Karah: I am so proud to know that Adventists are being represented in values and action by the APF. While ALL the issues are already important to me, I find my heart especially resonates with the concept of Care for Creation an Sabbath Economics. One involves how I care for the earth that was made and gifted to us. The other involves how I rest and give others rest, and is an especially beautiful picture of allowing financial rest. In our lives, we have attempted (it's a lifelong process, by the way) to develop both of these areas. It's challenging in this time to keep focused on living more simply, caring more deeply, and offering more mercy when I find myself surrounded by opportunities to do the opposite.
Thankfully, the Model I have is Jesus. He creates the most challenge in my life because the way He lived then was just as radical as how I can live now. I've become more convinced lately that living more like Jesus and stretching myself more actually looks different to others, and allows me a more natural way to articulate my faith by answering their questions. There are lots of areas of growth in my heart and mind, and living more mindful of what He made with His own hands for me is one way, and the second attempting to live in a way that keeps others free and out of bondage.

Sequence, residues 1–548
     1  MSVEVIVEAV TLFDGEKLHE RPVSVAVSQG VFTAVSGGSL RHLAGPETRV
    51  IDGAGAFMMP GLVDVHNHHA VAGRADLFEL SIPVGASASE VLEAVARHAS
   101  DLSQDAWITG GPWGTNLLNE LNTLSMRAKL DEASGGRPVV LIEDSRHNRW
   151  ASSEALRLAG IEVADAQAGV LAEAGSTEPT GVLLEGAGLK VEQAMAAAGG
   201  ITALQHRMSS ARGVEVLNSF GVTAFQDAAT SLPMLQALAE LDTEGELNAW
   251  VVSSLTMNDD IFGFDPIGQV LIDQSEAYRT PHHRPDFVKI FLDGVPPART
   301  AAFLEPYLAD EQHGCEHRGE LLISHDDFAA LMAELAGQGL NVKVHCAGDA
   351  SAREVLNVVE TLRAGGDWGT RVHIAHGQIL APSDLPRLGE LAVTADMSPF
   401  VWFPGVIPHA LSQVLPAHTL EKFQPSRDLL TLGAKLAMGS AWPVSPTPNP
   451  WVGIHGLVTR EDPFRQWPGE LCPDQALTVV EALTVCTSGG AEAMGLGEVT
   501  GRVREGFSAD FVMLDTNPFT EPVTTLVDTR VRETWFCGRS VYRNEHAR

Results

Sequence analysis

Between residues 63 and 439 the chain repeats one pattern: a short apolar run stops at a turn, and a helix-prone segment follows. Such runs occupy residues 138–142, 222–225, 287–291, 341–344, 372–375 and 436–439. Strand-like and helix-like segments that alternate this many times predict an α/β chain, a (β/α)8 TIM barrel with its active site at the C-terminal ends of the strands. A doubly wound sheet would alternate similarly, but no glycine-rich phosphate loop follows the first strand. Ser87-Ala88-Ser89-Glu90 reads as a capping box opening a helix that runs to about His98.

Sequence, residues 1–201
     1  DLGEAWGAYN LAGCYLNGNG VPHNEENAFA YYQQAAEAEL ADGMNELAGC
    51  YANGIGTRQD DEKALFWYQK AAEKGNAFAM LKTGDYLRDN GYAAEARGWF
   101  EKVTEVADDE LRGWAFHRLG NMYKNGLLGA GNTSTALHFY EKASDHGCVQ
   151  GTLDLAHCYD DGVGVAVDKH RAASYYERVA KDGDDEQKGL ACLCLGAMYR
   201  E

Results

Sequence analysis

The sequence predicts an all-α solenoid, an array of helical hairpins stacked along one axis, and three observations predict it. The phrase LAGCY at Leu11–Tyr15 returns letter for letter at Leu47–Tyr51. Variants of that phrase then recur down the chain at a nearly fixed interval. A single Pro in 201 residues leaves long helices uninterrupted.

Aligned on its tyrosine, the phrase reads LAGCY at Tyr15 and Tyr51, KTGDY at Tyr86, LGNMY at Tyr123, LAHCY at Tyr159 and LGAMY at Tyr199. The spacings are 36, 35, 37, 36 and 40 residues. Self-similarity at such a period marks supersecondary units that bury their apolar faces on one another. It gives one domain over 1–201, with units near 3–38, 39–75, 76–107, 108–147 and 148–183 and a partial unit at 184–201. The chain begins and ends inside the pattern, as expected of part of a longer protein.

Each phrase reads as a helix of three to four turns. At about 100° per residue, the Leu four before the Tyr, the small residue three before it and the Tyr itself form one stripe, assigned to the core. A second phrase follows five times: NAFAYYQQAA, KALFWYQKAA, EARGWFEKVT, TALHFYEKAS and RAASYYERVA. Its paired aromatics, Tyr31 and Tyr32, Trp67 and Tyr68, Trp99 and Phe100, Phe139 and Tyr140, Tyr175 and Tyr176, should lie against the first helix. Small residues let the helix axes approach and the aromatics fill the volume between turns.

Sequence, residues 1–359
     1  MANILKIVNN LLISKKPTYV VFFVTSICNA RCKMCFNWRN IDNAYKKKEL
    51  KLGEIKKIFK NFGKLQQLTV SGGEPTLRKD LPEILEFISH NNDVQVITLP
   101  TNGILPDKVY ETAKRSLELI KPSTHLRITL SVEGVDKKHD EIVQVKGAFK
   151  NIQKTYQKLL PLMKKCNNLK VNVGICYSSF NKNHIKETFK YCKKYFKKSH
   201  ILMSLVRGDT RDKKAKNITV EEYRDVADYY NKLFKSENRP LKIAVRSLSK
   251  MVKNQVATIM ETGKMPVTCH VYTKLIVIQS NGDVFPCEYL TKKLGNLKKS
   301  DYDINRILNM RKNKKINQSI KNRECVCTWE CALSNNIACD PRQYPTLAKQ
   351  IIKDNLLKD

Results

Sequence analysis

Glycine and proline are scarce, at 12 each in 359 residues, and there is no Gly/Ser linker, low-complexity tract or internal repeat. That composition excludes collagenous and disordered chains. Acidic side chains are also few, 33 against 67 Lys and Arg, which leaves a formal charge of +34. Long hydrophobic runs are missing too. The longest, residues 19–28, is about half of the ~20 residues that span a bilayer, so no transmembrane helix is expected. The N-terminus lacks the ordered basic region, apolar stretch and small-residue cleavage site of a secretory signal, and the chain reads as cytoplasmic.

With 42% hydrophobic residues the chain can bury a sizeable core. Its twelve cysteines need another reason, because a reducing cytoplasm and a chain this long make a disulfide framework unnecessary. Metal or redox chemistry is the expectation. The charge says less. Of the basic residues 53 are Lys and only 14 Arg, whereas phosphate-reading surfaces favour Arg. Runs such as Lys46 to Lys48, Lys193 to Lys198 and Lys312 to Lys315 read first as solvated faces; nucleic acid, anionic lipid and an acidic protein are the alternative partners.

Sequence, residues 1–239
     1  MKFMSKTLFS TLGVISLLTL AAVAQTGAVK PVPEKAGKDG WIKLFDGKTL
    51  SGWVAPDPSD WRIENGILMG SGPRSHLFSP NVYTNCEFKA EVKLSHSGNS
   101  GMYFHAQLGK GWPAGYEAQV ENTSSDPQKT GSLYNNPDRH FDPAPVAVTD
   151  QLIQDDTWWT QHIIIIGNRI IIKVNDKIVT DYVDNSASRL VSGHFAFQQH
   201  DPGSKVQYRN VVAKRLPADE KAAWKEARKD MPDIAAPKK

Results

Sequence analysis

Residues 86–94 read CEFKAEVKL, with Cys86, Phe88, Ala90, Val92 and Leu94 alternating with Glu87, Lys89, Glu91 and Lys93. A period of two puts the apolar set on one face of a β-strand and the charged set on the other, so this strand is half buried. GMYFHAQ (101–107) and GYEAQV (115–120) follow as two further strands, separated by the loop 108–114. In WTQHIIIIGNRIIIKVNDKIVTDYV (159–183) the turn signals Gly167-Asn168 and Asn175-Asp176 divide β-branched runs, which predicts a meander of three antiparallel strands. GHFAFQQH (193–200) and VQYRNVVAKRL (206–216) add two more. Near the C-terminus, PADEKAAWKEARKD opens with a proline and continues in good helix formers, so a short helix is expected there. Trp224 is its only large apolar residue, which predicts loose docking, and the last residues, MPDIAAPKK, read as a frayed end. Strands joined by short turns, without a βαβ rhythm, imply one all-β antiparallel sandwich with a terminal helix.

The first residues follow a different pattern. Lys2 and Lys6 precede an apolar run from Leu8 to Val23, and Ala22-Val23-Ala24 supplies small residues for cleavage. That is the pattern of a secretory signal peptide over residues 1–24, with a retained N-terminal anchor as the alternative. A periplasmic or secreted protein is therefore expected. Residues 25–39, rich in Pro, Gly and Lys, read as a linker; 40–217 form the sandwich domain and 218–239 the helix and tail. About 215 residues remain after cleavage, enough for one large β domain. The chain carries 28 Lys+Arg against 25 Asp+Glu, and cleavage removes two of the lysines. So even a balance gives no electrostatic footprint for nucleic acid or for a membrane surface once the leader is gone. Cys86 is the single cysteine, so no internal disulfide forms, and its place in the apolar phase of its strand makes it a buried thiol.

Jeff: Are there any books or films that have been important to you on your path of becoming a more just, compassionate, and peaceful person?
Karah: The God's Must Be Crazy. Every time I watch it, I'm challenged to see the world through the eyes of the main character. His gentle spirit, perseverance, and heart of goodness are a treasure.
Alexander Solzhenitsyn's Gulag Archipeligo was so heavy, but after reading it in high school I developed a deep distrust in the effectiveness of war and torture.
Among many, many podcasts, sermons, and books, I would credit the Facebook page HONY (humans of New York) for giving me a tenderness towards the incredible stories and experiences that shape us all and how we are involuntarily formed and built by life circumstances.
The Planet Earth BBC series (I think a new one is coming out soon) made a powerful impact on our family years ago as we sat awestruck at the unfathomable beauty of our earth, and the unthinkable things we are doing to it. That series shaped us into being more cautious and aware of purchases we make and how we care for our land.
Hmmm. . . what's important to me? I feel really strongly that Christianity is becoming obsolete unless we start living like Jesus did. I've interpreted how to be a Christian pretty wrong for a long time, and I'm working hard on trying to actually LIVE like Jesus did. I want to be together with people, and share LIFE with them. All people. This has meant opening up our calendar a bit, making more conscious choices about what we do and how available we are to others. It's also meant purposefully building friendships with people who are not like us. It's a bit harder sometimes. And it has required more prayers like "God, what am I supposed to do in this situation?" But it's been super rewarding, and I really hope our family is learning to share Jesus in a tangible and approachable way.